Evaluation of treatment descriptions and alignment with clinical guidance of apps for depression on app stores : systematic search and content analysis

Bowie-DaBreo, D ORCID: https://orcid.org/0000-0002-0050-0115, Sünram-Lea, SI ORCID: https://orcid.org/0000-0001-9889-9867, Sas, C ORCID: https://orcid.org/0000-0001-9297-9612 and Iles-Smith, HM ORCID: https://orcid.org/0000-0002-0520-2694 2020, 'Evaluation of treatment descriptions and alignment with clinical guidance of apps for depression on app stores : systematic search and content analysis' , JMIR Formative Research, 4 (11) , e14988.

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Background: The use of apps for the treatment of depression shows great promise. However, there is uncertainty regarding the alignment of publicly available apps for depression with clinical guidance, their treatment fidelity and evidence base, and their overall safety. Objective: Built on previous analyses and reviews, this study aims to explore the treatment and safety issues of publicly available apps for depression. Methods: We conducted a content analysis of apps for depression in the 2 main UK app stores (Google Play and Apple App Store). App store listings were analyzed for intervention content, treatment fidelity, and fit with the National Institute for Health and Care Excellence (NICE) guidelines for the treatment of depression in adults. Results: A total of 353 apps for depression were included in the review. App descriptions reported the use of 20 treatment approaches and 37 treatment strategies. Many apps used transdiagnostic (155/353, 43.9%) and multitheoretical interventions to treat multiple disorders including depression. Although many interventions appeared to be evidence-informed, there were issues with treatment fidelity, research evidence, and fit with clinical guidelines. None of the apps fully aligned with the NICE guidelines for depression. Conclusions: App developers have adopted many evidence-informed treatments in their interventions; however, more work is needed to improve clinical validity, treatment fidelity, and the safety of apps. We urge developers to consult relevant guidelines and standards, and to engage in reflective questioning on treatment and safety to address these issues and to improve treatment content and intervention design.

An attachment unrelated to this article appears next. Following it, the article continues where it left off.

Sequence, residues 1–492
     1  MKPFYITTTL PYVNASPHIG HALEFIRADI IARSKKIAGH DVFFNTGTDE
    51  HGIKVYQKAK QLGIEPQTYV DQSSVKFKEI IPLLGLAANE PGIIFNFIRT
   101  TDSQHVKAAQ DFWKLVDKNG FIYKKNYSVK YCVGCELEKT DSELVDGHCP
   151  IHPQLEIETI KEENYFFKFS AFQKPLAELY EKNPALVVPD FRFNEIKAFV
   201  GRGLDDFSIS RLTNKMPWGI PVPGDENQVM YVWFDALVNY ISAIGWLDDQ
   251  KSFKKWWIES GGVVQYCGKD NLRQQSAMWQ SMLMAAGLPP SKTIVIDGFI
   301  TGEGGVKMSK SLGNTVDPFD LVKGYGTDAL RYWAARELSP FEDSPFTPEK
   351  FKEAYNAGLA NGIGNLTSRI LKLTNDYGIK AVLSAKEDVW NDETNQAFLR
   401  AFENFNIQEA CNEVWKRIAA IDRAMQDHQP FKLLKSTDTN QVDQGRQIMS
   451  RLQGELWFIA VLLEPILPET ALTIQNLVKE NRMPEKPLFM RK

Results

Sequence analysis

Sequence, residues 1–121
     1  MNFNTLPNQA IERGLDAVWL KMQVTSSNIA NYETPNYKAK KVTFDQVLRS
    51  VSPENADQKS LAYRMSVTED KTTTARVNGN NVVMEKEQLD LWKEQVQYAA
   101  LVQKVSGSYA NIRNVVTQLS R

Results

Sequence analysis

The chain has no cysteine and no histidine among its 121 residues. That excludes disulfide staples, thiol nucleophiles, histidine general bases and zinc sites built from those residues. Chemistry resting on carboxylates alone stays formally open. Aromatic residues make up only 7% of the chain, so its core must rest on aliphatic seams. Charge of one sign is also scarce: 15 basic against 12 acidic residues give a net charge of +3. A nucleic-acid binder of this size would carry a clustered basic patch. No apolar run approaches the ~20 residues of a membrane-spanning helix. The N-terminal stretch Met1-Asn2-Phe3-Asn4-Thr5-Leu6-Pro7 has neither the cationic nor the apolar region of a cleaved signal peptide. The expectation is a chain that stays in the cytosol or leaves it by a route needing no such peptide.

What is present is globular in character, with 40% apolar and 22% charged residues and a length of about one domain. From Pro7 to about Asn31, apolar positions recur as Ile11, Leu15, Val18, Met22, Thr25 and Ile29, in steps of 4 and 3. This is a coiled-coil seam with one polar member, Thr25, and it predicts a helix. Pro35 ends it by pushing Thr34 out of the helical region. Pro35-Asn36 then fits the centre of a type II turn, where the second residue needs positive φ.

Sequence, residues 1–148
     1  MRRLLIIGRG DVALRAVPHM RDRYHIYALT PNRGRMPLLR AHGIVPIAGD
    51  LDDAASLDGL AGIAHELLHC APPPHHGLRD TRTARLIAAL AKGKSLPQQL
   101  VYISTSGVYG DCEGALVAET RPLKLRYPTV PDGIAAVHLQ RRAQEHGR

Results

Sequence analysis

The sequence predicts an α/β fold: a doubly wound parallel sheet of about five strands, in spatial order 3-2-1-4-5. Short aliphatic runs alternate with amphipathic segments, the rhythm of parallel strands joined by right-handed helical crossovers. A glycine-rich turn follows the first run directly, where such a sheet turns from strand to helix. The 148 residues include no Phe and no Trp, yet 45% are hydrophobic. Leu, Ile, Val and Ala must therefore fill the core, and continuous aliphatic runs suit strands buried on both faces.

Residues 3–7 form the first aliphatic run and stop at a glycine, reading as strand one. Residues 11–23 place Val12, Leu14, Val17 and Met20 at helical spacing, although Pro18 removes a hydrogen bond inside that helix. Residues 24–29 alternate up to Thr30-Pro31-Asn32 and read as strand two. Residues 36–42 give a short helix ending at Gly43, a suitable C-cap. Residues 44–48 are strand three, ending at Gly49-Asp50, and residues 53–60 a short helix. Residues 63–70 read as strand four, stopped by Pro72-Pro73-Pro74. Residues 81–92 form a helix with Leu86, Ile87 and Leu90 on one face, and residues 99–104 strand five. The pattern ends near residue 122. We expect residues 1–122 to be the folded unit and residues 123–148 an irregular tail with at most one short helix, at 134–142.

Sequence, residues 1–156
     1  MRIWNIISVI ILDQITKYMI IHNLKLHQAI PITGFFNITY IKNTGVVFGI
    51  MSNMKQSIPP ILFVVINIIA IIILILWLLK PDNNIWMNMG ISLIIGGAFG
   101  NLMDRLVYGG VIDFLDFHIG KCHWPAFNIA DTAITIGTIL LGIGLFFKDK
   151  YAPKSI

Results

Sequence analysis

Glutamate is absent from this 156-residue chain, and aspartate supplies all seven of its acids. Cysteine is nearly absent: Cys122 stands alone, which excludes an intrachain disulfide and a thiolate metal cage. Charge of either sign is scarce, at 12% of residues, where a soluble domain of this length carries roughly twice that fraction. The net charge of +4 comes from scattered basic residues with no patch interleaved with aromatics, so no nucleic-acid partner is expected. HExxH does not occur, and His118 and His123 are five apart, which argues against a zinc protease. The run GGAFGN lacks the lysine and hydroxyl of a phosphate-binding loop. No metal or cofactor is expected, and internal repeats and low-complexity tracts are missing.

Item Type: Article
Schools: Schools > School of Health and Society > Centre for Health Sciences Research
Journal or Publication Title: JMIR Formative Research
Publisher: JMIR
ISSN: 2561-326X
Related URLs:
Funders: Horizons 2020 Marie-Curie Innovation Training Network
Depositing User: Professor Heather Iles-Smith
Date Deposited: 20 Nov 2020 13:24
Last Modified: 16 Feb 2022 06:17
URI: https://usir.salford.ac.uk/id/eprint/58880

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